Document Type

Response or Comment

Publication Title

Harvard Law Review Forum

Publication Date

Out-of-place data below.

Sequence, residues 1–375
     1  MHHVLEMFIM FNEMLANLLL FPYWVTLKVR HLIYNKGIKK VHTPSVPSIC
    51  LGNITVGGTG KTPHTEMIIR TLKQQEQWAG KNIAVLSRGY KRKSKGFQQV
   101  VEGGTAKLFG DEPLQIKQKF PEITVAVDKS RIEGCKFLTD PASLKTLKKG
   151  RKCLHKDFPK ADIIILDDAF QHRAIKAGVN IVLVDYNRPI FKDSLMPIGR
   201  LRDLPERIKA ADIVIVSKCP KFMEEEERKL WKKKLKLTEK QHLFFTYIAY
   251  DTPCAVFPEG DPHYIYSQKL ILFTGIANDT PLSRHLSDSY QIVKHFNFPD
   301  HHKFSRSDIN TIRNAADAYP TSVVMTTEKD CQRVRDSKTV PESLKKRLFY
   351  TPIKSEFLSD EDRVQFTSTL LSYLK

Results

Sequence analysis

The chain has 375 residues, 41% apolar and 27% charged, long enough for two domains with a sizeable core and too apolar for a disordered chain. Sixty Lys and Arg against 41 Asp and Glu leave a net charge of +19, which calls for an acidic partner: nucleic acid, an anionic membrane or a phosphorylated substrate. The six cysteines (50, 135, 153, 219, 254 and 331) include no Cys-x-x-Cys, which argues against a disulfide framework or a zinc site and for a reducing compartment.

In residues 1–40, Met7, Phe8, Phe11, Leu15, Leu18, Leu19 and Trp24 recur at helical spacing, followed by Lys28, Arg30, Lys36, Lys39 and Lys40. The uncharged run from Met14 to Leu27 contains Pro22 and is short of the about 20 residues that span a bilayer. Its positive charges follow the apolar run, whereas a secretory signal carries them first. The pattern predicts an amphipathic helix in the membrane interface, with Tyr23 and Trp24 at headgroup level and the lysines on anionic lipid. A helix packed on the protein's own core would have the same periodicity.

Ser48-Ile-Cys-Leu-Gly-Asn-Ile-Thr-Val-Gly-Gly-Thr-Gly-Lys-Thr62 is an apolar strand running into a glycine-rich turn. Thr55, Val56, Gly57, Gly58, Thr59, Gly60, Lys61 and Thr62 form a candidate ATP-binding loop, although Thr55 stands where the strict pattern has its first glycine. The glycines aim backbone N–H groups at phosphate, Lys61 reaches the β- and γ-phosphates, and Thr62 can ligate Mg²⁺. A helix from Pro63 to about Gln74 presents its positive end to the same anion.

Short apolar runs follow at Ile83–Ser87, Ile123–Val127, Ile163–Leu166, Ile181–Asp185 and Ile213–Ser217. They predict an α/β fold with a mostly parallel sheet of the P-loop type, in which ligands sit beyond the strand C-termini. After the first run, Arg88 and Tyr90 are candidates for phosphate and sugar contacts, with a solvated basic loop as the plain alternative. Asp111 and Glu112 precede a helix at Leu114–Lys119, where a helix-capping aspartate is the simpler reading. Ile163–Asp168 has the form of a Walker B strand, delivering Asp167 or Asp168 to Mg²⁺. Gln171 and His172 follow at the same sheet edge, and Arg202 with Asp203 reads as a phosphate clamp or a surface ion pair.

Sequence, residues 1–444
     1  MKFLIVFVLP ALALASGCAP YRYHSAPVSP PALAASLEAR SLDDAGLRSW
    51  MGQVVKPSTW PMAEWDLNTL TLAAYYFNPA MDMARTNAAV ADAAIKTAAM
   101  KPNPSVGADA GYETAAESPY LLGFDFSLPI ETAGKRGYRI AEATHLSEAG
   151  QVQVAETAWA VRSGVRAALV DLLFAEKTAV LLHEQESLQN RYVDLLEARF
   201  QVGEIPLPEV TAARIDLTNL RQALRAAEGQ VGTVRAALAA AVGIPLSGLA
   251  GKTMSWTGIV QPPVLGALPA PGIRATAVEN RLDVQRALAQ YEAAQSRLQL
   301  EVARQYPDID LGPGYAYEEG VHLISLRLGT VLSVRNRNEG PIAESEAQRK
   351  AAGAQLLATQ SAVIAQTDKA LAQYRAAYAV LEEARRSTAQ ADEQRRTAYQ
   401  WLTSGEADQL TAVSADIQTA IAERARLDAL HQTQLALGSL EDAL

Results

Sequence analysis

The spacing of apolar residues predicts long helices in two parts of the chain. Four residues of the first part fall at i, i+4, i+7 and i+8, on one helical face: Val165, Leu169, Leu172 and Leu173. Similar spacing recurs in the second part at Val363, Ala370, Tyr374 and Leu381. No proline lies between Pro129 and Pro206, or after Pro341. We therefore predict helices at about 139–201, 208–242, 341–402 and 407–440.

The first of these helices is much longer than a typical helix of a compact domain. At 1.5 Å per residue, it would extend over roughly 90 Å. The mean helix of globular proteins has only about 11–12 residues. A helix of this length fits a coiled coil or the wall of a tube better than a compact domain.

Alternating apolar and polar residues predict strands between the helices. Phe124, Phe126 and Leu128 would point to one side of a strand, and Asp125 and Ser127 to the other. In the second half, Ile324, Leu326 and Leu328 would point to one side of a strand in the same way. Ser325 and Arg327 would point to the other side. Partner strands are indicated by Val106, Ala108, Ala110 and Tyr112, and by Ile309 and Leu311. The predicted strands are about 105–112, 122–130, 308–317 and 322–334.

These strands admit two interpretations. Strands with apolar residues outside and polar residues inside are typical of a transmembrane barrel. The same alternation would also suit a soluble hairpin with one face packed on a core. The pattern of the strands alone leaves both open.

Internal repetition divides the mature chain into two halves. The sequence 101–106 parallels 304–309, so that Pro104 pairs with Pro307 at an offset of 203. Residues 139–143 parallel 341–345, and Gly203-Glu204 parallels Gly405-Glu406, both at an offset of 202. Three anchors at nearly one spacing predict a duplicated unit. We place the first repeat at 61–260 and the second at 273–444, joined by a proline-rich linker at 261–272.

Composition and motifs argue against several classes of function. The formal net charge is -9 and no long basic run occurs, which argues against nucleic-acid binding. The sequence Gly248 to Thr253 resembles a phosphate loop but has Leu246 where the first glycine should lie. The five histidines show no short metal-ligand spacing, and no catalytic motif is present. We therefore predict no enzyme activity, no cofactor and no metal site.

It is my great good fortune to have been asked to comment on the remarkable Article Law Clerk Selection and Diversity: Insights from Fifty Sitting Judges of the Federal Courts of Appeals by Judge Jeremy D. Fogel, Professor Mary S. Hoopes, and Justice Goodwin Liu. Drawing on a rich vein of data gathered pursuant to a carefully crafted research design and extensive interviews, the authors provide the most detailed account to date regarding the selection criteria used by federal appeals court judges to select their law clerks. The authors pay special attention to the role that diversity plays in picking law clerks, an important element that heretofore has not been fully explored. Before sharing my thoughts about the Article, I want to offer a short history lesson on the lack of diversity among law clerks in the federal and state courts. The employment barriers facing women, ethnic minorities, and Jewish law clerks throughout the twentieth century help place in context the current interest judges have in hiring candidates from diverse backgrounds; I believe that this interest includes an appreciation of the value of diversity, a sincere desire to rectify discriminatory hiring practices from earlier generations of judges, and a concern that not expanding clerkship selection criteria will draw public scrutiny. I will then turn my attention to Fogel, Hoopes, and Liu’s findings and offer some thoughts about future research questions.



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